Artist Henry Yuzuru Sugimoto was born in the town of Wakayama in central Japan and immigrated to Hanford, California, at nineteen years old in 1919. After graduating from Hanford Union High School in 1924, Sugimoto enrolled at the University of California, Berkeley, but shortly after, dropped out to attend the California School of Arts and Crafts (now known as the California College of Arts and Crafts) instead. There, he learned watercolor and printmaking techniques, but primarily dedicated his studies to oil painting. In 1928, Sugimoto obtained his bachelor of fine arts degree, graduating with honors, then continued his studies for a short period at the California School of Fine Arts (now known as the San Francisco Art Institute).
In 1930, Sugimoto traveled to France where he studied French Impressionism among a dynamic community of Japanese artists. He achieved considerable success abroad—in 1932, one of his landscape paintings was accepted by a Parisian salon. Throughout the rest of the 1930s, Sugimoto gained attention at home and exhibited throughout California, including at the San Francisco Legion of Honor.
In 1942, Sugimoto and his family were forcibly uprooted and sent to the Fresno temporary detention center and then to the Rohwer and Jerome concentration camps in Arkansas. Sugimoto continued to paint throughout the duration of incarceration, powerfully capturing the emotional and physical burdens experienced in camp.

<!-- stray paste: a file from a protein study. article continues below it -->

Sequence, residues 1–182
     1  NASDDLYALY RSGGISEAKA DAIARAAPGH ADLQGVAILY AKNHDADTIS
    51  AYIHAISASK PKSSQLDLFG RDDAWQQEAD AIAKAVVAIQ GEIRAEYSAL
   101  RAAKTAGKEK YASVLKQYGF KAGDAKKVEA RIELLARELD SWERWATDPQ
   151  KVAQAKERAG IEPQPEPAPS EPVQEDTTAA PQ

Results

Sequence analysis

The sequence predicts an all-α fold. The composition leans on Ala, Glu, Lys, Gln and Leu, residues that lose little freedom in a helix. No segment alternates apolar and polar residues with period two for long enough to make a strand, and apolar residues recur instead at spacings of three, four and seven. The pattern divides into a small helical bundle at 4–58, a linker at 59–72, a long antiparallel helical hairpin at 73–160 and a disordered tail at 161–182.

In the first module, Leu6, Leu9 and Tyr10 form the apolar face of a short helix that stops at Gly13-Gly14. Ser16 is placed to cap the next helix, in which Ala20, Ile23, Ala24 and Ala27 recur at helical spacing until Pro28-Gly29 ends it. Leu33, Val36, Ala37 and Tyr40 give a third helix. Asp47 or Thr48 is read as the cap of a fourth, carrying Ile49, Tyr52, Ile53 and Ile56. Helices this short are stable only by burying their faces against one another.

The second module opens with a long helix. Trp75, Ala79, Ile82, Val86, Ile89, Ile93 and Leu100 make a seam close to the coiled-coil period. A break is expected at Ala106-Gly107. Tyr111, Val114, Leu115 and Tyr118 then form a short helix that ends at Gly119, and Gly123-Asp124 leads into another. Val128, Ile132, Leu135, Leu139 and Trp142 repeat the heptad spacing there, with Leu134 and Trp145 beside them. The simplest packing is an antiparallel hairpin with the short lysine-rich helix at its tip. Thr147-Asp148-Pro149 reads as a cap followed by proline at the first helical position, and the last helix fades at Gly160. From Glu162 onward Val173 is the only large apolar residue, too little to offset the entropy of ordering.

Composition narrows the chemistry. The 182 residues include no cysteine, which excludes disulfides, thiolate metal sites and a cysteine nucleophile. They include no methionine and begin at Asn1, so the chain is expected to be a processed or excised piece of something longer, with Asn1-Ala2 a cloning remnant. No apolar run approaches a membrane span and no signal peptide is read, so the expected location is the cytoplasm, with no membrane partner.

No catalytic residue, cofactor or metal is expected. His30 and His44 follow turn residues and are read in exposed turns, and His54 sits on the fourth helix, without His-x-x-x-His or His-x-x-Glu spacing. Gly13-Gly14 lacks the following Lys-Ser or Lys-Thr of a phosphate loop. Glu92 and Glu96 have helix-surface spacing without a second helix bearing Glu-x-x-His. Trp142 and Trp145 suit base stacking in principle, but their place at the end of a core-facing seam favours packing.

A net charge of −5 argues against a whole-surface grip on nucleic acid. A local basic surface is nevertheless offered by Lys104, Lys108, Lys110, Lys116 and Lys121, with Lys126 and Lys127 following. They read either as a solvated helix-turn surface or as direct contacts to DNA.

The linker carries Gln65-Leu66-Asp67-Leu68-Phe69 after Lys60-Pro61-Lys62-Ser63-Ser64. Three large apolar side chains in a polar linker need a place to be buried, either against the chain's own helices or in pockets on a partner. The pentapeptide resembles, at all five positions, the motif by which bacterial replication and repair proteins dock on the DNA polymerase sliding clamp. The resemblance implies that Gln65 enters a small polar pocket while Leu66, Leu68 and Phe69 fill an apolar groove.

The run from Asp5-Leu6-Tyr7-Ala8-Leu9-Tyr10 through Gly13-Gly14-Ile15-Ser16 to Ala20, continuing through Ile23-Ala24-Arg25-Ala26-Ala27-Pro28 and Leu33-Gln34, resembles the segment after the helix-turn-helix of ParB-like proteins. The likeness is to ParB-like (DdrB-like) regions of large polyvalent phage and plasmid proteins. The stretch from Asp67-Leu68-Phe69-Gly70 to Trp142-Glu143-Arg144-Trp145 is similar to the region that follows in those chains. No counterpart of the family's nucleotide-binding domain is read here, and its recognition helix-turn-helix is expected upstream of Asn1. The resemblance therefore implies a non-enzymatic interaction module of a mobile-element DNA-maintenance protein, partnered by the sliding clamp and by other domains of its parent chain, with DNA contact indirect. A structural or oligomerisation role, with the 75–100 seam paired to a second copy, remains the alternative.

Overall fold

After the war, Henry and his family resettled in New York. Gaining little income from his art, he found work in a textile factory creating fabric patterns. After fifteen years, Henry retired from his job to resume his artistic career full-time. In his small studio in Manhattan, he painted countless scenes of the urban New York City skylines, inspired by his morning walks around Central Park. He also continued to depict scenes of life in camp, and turned many of his paintings from Jerome into wood and lino block prints. His camp works and testimony during the 1970s and 1980s were key to the movement for redress and reparations for the Japanese American community.
The Henry Sugimoto collection documents the artist’s significant stylistic range, his extensive travels, and the artistic influences of each place on his work. Landscape scenes of the French countryside, Yosemite, and Carmel recount his early ventures as an independent artist. Scenes at the Jerome concentration camp relay the burden of everyday life in camp. Recognizable sites of the New York skyline during the fall and spring indicate a nostalgic turn during Sugimoto’s twilight years to document small changes around him. The story of Henry Sugimoto is one of resilience, creativity, and the power of artistic expression.